Of the glorious body telling

Of the glorious body telling

Author: Thomas, Aquinas; Translator: J. M. Neale
Published in 9 hymnals

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Representative Text

1 Of the glorious body telling,
O my tongue, its mysteries sing,
And the blood, all price excelling,
Which the world’s eternal King,
In a noble womb once dwelling,
Shed for this world’s ransoming.

2 Given for us, for us descending,
Of a virgin to proceed,
Man with man in converse blending,
Scattered he the gospel seed,
Till his sojourn drew to ending,
Which he closed in wondrous deed.

3 At the last great supper lying
Circled by his chosen band,
Duly with the law complying,
First he finished its command,
Then, immortal food supplying,
Gave himself by his own hand.

4 Word-made-flesh, by word he maketh
Bread his very flesh to be;
Man in wine Christ’s blood partaketh:
And if senses fail to see,
Faith alone the true heart waketh
To behold the mystery.

Part 2 Tantum ergo

5 Therefore we, before him bending,
This great sacrament revere:
Types and shadows have their ending,
For the newer rite is here;
Faith, our outward sense befriending,
Makes the inward vision clear.

6 Glory let us give and blessing
To the Father and the Son,
Honour, might and praise addressing,
While eternal ages run;
Ever too his love confessing,
Who, from both, with both is one. Amen.

Source: The New English Hymnal #268

Author: Thomas, Aquinas

Thomas of Aquino, confessor and doctor, commonly called The Angelical Doctor, “on account of," says Dom Gueranger, "the extraordinary gift of understanding wherewith God had blessed him," was born of noble parents, his father being Landulph, Count of Aquino, and his mother a rich Neapolitan lady, named Theodora. The exact date of his birth is not known, but most trustworthy authorities give it as 1227. At the age of five he was sent to the Benedictine monastery at Monte Cassino to receive his first training, which in the hands of a large-hearted and God-fearing man, resulted in so filling his mind with knowledge and his soul with God, that it is said the monks themselves would often approach by stealth to hear the words of piety and wisdo… Go to person page >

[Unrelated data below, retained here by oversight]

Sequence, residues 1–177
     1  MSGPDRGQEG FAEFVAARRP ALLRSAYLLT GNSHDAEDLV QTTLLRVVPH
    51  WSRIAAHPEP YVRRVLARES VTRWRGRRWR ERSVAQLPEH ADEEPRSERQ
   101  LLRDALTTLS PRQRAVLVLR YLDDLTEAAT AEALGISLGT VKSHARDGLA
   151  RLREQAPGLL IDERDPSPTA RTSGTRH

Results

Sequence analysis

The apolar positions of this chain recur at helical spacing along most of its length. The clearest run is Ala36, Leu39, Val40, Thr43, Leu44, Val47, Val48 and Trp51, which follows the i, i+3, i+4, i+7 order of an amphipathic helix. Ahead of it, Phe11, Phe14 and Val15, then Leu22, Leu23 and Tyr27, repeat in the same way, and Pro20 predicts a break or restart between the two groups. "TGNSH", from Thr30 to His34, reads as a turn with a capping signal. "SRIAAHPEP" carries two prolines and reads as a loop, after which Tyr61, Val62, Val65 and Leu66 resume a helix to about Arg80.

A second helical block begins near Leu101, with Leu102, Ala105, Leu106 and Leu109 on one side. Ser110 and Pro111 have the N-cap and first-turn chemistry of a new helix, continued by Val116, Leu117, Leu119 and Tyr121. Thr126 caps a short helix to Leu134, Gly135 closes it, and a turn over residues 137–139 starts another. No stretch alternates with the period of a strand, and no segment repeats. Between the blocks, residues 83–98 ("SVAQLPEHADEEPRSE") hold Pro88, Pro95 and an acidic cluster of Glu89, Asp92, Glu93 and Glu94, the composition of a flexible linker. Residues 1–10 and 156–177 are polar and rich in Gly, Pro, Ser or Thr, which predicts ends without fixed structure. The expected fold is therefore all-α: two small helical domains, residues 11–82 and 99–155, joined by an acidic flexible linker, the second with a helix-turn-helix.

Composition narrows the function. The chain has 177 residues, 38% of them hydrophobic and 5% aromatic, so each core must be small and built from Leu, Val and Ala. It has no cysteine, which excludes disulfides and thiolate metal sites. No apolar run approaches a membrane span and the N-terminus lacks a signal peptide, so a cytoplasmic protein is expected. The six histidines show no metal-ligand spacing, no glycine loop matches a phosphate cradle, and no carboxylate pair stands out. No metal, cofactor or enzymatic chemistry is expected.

Translator: J. M. Neale

John M. Neale's life is a study in contrasts: born into an evangelical home, he had sympathies toward Rome; in perpetual ill health, he was incredibly productive; of scholarly tem­perament, he devoted much time to improving social conditions in his area; often ignored or despised by his contemporaries, he is lauded today for his contributions to the church and hymnody. Neale's gifts came to expression early–he won the Seatonian prize for religious poetry eleven times while a student at Trinity College, Cambridge, England. He was ordained in the Church of England in 1842, but ill health and his strong support of the Oxford Movement kept him from ordinary parish ministry. So Neale spent the years between 1846 and 1866 as a warden of Sackvi… Go to person page >

Text Information

First Line: Of the glorious body telling
Latin Title: Pange, lingua, gloriosi corporis mysterium
Author: Thomas, Aquinas
Translator: J. M. Neale
Language: English
Copyright: Public Domain

Timeline

Media

The Cyber Hymnal #4803
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Instances (1 - 2 of 2)
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The Cyber Hymnal #4803

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The New English Hymnal #268

Include 7 pre-1979 instances
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